For the sake of differentiation, I have put Anastasia's comments in normal font. Richard's are in blogger italics.
Anastasia wrote: "...For us, truth *has to be* a matter of personal experience, and theology is nothing but description of that concrete experience. (The alternative is what?)"
"On the other hand, the Church insists that she guide us into *the* experience, which is to say the Apostolic one, the very same experience of Christ that they had and have passed down from person to person."
"That is the most befuddling thing so far I have heard yet concerning Orthodoxy. It would seem that even the occultist who has a plethora of religious experiences would back up his/her experiences with their 'theology'. Thus 'truth' is formulated. But that obviously puts us in the category of subjective truth."
"The alternative is Thy Word is Truth. When it comes to God and His Ways and our condition before Him we have no other sure foundation of Truth even when our experience/reason would say otherwise. e.g. Incarnation."
"How can we experience in the same way the death and resurrection of Christ whom the Apostles say they are eyewitness and who touched him? In my own experience I had a few powerful 'spiritual' encounters which led me to search the Scriptures which led me to repentance/faith which led to the Church. That is how experiences sometimes work."
"For the Orthodox, theology is not to "back up" experience or anything else. Instead, it is the outgrowth and explanation of a particular experience, namely our Life in Christ. That comes first, theology comes afterward as its verbal expression."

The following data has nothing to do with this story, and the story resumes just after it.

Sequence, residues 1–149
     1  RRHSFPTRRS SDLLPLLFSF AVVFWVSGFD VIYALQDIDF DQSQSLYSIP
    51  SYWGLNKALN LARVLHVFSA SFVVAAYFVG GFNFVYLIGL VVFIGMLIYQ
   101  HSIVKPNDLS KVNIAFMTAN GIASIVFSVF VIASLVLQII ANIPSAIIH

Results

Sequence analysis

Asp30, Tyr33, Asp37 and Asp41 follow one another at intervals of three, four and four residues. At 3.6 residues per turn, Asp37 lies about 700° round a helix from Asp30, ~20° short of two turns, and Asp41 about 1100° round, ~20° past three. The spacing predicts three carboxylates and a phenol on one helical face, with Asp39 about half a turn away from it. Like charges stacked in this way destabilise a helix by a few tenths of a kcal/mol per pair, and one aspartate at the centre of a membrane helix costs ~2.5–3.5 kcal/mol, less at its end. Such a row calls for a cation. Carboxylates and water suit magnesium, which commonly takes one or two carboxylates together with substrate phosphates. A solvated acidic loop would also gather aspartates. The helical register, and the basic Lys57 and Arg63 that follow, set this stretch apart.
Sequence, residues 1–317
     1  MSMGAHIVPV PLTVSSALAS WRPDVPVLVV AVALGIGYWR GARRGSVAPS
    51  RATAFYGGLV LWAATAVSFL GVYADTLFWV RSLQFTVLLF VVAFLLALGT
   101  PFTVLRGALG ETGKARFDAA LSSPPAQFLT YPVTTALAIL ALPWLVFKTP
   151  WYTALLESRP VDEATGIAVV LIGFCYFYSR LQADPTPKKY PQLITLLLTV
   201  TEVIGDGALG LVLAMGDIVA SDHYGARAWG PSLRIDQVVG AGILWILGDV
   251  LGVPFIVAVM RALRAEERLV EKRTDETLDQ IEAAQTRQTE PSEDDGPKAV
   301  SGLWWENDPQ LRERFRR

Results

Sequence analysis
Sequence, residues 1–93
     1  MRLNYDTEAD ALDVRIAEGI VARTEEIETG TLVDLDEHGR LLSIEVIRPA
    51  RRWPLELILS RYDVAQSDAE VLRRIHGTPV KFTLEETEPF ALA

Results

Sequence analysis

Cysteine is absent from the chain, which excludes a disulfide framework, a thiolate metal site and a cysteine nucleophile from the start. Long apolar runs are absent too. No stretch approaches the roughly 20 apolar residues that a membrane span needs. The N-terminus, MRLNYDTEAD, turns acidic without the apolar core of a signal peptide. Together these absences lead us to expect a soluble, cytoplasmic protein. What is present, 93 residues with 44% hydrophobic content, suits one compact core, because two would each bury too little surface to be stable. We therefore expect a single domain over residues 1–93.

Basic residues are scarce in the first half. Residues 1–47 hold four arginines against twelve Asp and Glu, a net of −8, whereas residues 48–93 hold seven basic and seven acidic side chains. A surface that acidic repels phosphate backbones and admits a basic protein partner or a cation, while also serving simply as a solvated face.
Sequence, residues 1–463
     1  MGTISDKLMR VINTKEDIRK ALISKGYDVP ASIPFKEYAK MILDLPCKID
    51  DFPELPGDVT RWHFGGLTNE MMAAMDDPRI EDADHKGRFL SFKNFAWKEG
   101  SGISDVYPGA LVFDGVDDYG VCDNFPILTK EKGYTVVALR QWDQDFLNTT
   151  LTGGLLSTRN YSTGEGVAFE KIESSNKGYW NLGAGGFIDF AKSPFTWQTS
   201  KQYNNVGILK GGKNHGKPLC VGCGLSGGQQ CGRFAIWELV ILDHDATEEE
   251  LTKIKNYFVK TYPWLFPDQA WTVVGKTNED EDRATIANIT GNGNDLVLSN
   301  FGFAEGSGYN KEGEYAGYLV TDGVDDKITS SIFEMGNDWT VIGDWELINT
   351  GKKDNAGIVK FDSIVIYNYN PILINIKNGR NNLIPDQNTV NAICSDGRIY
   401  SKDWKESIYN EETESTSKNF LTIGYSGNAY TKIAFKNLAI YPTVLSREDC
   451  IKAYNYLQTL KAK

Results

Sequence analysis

Quoting Richard again: "But that obviously puts us in the category of subjective truth."
Anastasia continues: "Provided it IS Truth, Truth as attested to not only the Holy Spirit in the believer's heart but also in Scripture, by the Fathers, by the whole Church, over a period of 2,000 years and counting -- what's the objection to its being 'subjective'? (We would call it 'inward' rather than 'subjective'.) I mean, within a Prot. context, I can see the problem with 'subjective' but not within an Ortho context....."
"What I'm saying is that ALL theology, like the Scriptures and including them, is an account of experience with God. Or else it is bogus. In Jeremiah 14:14, false prophets are denounced because they were speaking things out of their own heads and not expressing encounters with God; God had neither commanded them nor spoken to them."
"IOW, the Word of God comes to mankind FIRST in living reality, in experience, and THEN gets written about. Orthodox theology is *based upon* experience with God, experience guided, informed, explained and articulated by the whole Church, especially by the Prophets, Evangelists, Apostles, and Fathers."
"That is, not an individual's private experience, but upon the experience of the whole Body together and of each of us, personally, as members of that Body."
"If theology is based upon anything else than experience, then at best it's just abstractions, concepts, mental exercise. And if theology is based upon experience but experience other than that of the Church, then it will indeed be more than shadows, but will not faithfully reflect the Apostolic experience, hence, not be able to help transmit it, and in fact will become a hindrance to the transmission of it, and that's the definition of error."
Quoting Richard again: "How can we experience in the same way the death and resurrection of Christ whom the Apostles say they are eyewitness and who touched him?"
"Sorry, I worded that badly. I should have said it is the self-same experience of the crucified *and risen* Christ. His historical sojourn here upon the Earth is finished and not to be repeated. We can and do have the same experience of the post-Resurrection Christ as they do."
"And YET --- and yet, not physically, but in the transcendent Christ, by the timeless Holy Spirit, we do experience His life on earth, both as He lives it now and as He lived it then, in such a way that we are at no spiritual disadvantage as compared with those who were present at the foot of the Cross, at the empty Tomb, on Mt. Tabor, or in the Garden of
Gethsemane. (Ask any Orthodox Christian who has been 'put through' all the services of Holy Week whether he has 'been there' and you will get a resounding 'Yes!')"